LAUSANNE, Switzerland (AP) -- International Olympics officials expressed confidence Tuesday in Sydney organizers and played down the troubles that have plagued the Australians in recent months.
"We are pretty confident the organization is really excellent," said International Olympic Committee executive Jacques Rogge, who heads an oversight panel for the Sydney Games. "Overall, I'm confident that everything that humanly could have been done has been done."
The IOC also dismissed the chances of violent protests at the Sept. 15-Oct. 1 games, a threat raised by Aboriginal activists following the leak of a government report that minimized the harm caused by a policy of taking Aboriginal children from their families.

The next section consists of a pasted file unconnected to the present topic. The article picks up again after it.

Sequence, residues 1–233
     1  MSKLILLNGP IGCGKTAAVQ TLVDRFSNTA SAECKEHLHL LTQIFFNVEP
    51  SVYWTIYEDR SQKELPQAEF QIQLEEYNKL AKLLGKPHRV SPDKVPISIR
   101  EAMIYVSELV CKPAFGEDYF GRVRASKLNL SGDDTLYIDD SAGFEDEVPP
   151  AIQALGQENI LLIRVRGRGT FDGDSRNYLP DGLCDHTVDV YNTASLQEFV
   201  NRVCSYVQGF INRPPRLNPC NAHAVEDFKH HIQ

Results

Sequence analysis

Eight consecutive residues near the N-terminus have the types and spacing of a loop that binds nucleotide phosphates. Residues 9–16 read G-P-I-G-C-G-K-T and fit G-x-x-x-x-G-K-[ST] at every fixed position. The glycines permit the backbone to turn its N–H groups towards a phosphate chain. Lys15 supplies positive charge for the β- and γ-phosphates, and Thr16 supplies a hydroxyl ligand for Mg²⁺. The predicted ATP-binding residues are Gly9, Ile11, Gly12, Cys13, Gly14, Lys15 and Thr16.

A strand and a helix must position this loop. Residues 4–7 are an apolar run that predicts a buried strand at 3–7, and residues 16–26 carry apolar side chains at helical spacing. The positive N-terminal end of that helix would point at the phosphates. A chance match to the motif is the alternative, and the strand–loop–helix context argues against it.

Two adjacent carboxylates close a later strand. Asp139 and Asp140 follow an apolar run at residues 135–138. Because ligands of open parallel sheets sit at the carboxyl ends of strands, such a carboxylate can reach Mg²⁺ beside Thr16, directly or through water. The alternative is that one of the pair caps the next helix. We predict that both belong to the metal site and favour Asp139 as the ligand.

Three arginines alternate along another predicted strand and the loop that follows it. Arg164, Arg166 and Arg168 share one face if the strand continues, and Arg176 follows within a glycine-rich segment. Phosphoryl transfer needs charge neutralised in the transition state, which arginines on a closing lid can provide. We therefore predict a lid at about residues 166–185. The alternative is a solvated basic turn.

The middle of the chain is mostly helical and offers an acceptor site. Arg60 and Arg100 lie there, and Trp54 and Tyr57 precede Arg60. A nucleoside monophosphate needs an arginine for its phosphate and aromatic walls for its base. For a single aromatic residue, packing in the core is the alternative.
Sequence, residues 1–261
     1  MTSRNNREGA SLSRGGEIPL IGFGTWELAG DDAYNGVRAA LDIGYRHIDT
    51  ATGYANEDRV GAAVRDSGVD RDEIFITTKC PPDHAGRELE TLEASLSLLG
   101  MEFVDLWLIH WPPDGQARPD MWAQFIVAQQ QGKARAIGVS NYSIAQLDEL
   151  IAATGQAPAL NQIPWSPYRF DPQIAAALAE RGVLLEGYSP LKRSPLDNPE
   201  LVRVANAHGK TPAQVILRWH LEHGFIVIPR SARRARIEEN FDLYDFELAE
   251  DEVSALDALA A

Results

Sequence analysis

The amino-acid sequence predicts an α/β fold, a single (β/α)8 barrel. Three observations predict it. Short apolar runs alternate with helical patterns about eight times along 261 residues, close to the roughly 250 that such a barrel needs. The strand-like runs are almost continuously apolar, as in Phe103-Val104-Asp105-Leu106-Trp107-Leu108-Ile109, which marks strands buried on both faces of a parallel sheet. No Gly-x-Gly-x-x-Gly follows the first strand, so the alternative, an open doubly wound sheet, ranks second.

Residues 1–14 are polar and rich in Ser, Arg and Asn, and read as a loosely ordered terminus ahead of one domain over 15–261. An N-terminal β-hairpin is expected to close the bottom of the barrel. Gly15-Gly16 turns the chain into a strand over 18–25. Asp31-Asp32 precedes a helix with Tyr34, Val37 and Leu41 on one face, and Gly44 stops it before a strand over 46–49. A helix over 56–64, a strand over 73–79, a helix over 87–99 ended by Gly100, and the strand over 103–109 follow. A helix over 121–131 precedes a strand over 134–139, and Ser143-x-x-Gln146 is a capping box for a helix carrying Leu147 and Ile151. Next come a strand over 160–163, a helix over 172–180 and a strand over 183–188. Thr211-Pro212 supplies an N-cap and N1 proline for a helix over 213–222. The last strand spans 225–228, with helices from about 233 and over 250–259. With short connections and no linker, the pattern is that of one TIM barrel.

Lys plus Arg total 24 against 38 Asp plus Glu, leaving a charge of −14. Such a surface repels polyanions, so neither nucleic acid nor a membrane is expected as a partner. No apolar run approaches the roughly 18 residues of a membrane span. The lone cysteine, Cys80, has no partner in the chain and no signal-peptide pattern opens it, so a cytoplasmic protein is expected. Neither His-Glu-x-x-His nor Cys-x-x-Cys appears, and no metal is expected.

"We are not expecting violent demonstrations," Gosper said. "There may be some (nonviolent) demonstrations. We hope not too many."
Also Tuesday, Ninian Stephen, a former High Court justice and governor-general of Australia, was appointed a member of the IOC ethics commission.
Stephen fills the seat vacated by Kevin Gosper, an Australian IOC vice president who resigned from the ethics panel last month amid allegations he accepted excessive hospitality from Salt Lake City bidders.
The ethics panel was created last year to enforce a code of conduct for IOC members following the bribery scandal centering on Salt Lake's winning bid for the 2002 Winter Games.
Stephen becomes the fifth non-IOC member on the eight-man commission.
Gosper remains under investigation by the ethics panel for a ski trip his wife and two children made to Utah in 1993 at the invitation of bid chief Tom Welch.
Gosper, who maintains he did nothing wrong, referred his case to the panel in late January.